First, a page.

Breed history

The Tosa (Tosa-Ken, Tosa-Token, Tosa-Inu, Japanese Mastiff), was bred for, and has been used for many years as a fighting dog. Historically, the tradition of dog fighting was popular in many Japanese districts, but especially in the Tosa district of Shikoku. The product of thoughtful eugenic manipulation by the Japanese; the Tosa dogs active in fighting, originally; were not the present-day incarnation. The primogenitor of the modern day Tosa was the medium sized Nihon-Inu, the indigenous Japanese dog which was originally bred to hunt wild boar, and the incorporation of accidental breeds.

In 1854, the Japanese Government repealed the National Isolation Policy; this reversal began the steady influx of foreign tourism. Increasingly, traditional Japanese dog fighting began pitting the European dogs against the indigenous, Japanese Nihon-Inu. The smaller Nihon-Inu began routinely loosing against the substantially larger Occidental breeds. These losses were devastating for the Japanese, who viewed any defeat as dishonor.

Gradually, Tosa district breeders attempted to develop a larger, more truculent fighting dog, by incorporating European breeds such as: the Mastiff, Great Dane, Bulldog, Bull Terrier, and Pointer.

In 1876, the German Pointer was incorporated into the breed because of their concordant temperament, and highly developed olfactory sense; which is fundamental for predation. The Mastiff (1874), was introduced because of their exceptional musculature, and the enormity of their cranial structure. However, this incorporation produced a ponderous specimen, so Great Danes (1924), were introduced to mitigate the prodigious size with dexterity and athleticism. Fundamentally, the Bulldog (1872), was sought for its punitive bite, powerful front-end, and truncated-stop; while the Bull Terrier (date unknown), increased tenacity. Although the coalescence of these breeds produced the Tosa, each successive incorporation required breeders to breed back to the incipient Tosa for a minimum of three generations, until the current breed standard was established.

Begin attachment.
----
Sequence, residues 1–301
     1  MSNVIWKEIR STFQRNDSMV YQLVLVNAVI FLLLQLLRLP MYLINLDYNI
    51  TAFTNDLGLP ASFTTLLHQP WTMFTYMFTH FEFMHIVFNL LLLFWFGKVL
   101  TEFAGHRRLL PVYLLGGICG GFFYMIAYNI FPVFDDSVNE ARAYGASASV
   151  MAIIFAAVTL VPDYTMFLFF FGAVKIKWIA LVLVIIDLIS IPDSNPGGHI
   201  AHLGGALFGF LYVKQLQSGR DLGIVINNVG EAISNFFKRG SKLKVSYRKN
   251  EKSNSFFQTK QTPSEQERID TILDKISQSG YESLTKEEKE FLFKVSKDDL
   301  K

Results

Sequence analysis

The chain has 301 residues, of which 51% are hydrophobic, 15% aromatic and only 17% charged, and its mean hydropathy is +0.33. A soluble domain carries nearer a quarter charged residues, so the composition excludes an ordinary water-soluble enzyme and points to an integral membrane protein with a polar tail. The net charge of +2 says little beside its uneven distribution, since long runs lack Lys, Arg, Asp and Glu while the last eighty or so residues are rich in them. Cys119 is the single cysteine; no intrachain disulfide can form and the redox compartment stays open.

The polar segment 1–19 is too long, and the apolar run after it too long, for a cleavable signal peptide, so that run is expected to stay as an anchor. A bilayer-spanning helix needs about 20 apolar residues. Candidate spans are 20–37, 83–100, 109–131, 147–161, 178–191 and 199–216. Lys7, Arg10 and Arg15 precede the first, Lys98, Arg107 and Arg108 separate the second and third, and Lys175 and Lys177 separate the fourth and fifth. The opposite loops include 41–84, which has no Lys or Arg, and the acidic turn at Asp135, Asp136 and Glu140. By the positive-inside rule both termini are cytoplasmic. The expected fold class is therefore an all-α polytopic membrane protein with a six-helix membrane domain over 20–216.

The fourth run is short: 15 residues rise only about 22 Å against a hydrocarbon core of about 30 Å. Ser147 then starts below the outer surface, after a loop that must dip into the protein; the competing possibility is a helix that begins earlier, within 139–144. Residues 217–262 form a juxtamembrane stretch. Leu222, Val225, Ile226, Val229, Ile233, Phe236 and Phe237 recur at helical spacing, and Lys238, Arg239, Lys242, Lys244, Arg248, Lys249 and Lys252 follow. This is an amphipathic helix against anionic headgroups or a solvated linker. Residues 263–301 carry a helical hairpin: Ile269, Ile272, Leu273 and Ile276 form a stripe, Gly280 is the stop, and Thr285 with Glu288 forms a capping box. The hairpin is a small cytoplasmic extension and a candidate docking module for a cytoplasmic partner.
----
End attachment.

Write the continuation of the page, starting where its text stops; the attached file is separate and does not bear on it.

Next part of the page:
Nearly one hundred years ago, this cross- breeding resulted in the incipient form of the present-day Tosa. The Tosa-Inu was eponymously named for the district in Japan from which it was developed. Gradually, the Tosa-Inu began spreading to other districts in Japan as dog-fighting's popularity grew. However, the popularity of dog fighting was spurious, contingent upon the political view of the time.

During World War II, the Tosa numbers dwindled to near extinction, and few remained in Japan. However, the Tosa began to flourish in Korea and Taiwan where it had been exported, previously. After World War II, the resurgence in the popularity of dog fighting promoted the collaborative efforts of Japan, Taiwan, and Korea to resurrect the Tosa-Inu.

This collaborative effort produced an intrinsically fierce fighting animal. In the Japanese style of dog fighting, the Tosa was expected to fight soundlessly, relentlessly, and without cowering. Through selective breeding, the Japanese refined the Tosa into a large, agile, athletic dog; disinclined to barking, intelligent, and fearless. Males are powerfully built, ranging in size from 65 cm. (25,5 in) at the shoulder, to more than 76,5 cm. (30 in), and weighing between 63,5 kg. (140 lbs) to over 91 kg. (200 lbs). Competitively, however, the optimal combatant ranges between 50 to 68 kg. (110-150 lbs). Females are smaller in proportion. However, Japanese tradition proscribes fighting between females. Although dog fighting in Japan has always been ensconced in pageantry and ceremony, the tradition of two handlers, simultaneously escorting the Tosa into the fight arena, was bourn of necessity. Ostensibly, the Tosa's tremendous strength required two handlers.